But wait, there's more!
Now, because she's her own boss, Sarah doesn't operate in a dynamic of PTO or sick days anymore.
Meaning that, if Sarah wanted to take a vacation, or is unable to work due to illness…she's not generating an income.
An hour not put in still has a direct impact on her income.
Her time is still directly tied to the amount of money she makes.
The employed and self-employed are on the left side of the Cashflow Quadrant. And that left side is only active income.
The Passive Income Side of the Cashflow Quadrant
Now, on the right side of that Cashflow Quadrant is the passive income.
The type of income that is not tied to how many hours you put in.
Literally making money while you sleep and thus, sustainably solving the issue we had of needing additional income source, or multiple income sources.
Some Examples of Passive Income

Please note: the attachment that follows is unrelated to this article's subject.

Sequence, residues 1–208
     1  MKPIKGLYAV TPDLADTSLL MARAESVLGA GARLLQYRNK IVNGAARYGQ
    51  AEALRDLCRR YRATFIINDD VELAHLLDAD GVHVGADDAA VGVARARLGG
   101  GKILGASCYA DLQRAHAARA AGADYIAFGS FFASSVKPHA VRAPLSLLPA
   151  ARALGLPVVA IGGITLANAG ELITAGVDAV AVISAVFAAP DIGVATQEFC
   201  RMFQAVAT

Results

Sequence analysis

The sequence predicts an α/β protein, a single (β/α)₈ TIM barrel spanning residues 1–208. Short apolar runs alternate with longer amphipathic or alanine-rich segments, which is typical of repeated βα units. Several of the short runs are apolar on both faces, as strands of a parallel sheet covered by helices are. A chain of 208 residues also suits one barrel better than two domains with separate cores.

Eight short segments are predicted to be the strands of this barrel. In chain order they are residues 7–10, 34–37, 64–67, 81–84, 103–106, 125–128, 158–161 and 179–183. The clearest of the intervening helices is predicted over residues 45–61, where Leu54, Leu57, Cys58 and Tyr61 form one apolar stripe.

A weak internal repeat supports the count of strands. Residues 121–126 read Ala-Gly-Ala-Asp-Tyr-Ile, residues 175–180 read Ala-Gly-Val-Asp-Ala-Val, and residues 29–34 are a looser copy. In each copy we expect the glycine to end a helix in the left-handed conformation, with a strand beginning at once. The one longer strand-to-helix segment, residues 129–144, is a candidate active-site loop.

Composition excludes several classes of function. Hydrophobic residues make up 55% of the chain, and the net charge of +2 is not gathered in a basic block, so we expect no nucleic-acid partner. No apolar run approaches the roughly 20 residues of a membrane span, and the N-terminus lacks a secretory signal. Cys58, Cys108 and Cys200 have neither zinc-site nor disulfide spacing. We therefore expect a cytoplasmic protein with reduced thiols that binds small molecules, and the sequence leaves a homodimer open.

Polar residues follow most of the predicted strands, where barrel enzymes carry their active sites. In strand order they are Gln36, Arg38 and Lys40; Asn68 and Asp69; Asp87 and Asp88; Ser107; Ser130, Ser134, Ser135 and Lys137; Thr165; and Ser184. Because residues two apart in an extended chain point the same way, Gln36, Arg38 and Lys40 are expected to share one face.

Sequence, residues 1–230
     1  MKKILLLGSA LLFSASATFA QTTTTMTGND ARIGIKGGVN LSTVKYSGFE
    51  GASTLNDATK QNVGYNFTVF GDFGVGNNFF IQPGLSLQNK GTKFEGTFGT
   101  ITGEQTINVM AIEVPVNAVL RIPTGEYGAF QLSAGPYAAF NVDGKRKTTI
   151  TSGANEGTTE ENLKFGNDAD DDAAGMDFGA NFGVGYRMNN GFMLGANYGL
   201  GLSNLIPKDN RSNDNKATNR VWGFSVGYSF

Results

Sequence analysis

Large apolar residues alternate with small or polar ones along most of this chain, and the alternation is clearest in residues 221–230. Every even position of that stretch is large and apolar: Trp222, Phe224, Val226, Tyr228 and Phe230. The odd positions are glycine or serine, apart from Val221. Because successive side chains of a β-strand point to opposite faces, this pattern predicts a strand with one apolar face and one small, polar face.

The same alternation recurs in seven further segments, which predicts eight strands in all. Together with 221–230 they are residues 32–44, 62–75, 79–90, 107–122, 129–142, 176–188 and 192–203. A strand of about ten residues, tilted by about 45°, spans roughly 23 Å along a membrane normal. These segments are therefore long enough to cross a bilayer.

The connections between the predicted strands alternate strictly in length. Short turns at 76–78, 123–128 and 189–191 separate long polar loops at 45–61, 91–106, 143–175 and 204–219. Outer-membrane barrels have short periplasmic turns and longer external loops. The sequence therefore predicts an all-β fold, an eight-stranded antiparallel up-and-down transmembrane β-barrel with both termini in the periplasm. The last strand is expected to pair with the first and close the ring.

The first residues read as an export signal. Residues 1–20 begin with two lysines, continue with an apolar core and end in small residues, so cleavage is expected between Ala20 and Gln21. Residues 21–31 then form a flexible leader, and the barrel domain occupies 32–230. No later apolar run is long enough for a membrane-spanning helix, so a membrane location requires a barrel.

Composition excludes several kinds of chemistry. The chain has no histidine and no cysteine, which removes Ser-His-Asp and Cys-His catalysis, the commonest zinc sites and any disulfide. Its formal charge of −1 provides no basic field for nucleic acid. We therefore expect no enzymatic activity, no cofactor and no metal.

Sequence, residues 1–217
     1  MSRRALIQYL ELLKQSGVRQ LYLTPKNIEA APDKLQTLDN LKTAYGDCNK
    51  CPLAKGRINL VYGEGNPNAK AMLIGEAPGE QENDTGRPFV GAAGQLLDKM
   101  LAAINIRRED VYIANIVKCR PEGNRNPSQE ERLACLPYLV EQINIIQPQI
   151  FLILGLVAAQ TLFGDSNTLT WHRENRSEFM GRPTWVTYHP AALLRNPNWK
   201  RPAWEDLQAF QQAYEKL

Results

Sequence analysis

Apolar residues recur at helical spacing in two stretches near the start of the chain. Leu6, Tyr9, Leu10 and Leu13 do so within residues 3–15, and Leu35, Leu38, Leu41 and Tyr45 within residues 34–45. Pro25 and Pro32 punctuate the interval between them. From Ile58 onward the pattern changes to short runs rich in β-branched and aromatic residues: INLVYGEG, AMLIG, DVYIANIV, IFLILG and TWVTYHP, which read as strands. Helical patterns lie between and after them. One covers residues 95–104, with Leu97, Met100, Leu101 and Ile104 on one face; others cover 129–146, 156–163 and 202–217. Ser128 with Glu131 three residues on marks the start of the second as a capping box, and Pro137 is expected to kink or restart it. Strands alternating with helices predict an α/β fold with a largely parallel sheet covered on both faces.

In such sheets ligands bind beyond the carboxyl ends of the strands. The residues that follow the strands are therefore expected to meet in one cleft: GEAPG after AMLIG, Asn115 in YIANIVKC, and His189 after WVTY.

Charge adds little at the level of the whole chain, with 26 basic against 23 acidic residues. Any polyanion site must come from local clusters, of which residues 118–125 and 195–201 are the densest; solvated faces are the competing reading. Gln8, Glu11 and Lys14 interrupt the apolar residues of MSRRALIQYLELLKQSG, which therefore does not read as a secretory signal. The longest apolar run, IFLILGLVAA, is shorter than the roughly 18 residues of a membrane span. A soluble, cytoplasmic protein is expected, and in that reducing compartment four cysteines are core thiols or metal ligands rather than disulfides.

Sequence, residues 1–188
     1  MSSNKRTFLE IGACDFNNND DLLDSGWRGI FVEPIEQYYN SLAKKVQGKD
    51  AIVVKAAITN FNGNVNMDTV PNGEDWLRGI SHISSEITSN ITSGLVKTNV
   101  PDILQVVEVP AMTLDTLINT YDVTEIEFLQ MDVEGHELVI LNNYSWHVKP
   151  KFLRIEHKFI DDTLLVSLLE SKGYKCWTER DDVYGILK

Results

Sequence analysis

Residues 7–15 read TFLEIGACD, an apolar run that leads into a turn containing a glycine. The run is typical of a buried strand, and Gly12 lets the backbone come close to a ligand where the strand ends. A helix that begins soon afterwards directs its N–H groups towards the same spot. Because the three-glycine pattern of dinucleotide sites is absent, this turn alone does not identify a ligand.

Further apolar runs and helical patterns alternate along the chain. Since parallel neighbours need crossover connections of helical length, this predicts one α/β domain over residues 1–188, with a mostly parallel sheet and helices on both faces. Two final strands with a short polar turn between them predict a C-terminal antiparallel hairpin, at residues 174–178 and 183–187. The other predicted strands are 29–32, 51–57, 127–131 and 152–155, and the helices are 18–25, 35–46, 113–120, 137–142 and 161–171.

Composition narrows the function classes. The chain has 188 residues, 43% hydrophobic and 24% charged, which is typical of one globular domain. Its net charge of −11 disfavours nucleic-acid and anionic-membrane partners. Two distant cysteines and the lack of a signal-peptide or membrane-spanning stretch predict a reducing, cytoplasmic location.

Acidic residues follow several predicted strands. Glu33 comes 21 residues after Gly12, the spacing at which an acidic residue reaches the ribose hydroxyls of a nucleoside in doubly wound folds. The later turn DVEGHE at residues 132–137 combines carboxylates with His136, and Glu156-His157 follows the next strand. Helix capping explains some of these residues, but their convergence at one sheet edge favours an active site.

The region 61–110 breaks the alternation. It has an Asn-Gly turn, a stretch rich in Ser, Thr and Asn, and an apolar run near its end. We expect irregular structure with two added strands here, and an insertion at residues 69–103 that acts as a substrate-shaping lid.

Some passive income examples to drive the point home, are easiest to understand, and you're already familiar with.
While writing this I'm listening to a song on Spotify. The artist didn't have to wake up, fly here, set up the instruments, and start singing in order for me to hear that song. The song was released, and each listen earns the artist income.
You probably know of Harry Potter? Whether you've seen the movies, read the books, or neither of those things – you know that that whole franchise is popular and has people buying books, toys, games, movie tickets and so much more.
This all started with JK Rowling, the author and creator of Harry Potter.
Although it seemingly was a difficult road for her to get the book published, it eventually did. In 1997. Almost 30 years ago.
Yet, if I were to go on Amazon now and buy that 1st book, Rowling would still receive a cut from the purchase I made. Almost 30 years after it was published and put into the world!
Whether you like the show or not, you know of that sitcom ‘Friends', right?
It ran for 10 years (1994 – 2004 – so it's almost been off the air for 20 years), yet the 6 main actors are still making 7 figures every year. ($20 million total according to this report)
And then there's the more close-to-home example of a landlord collecting rent money.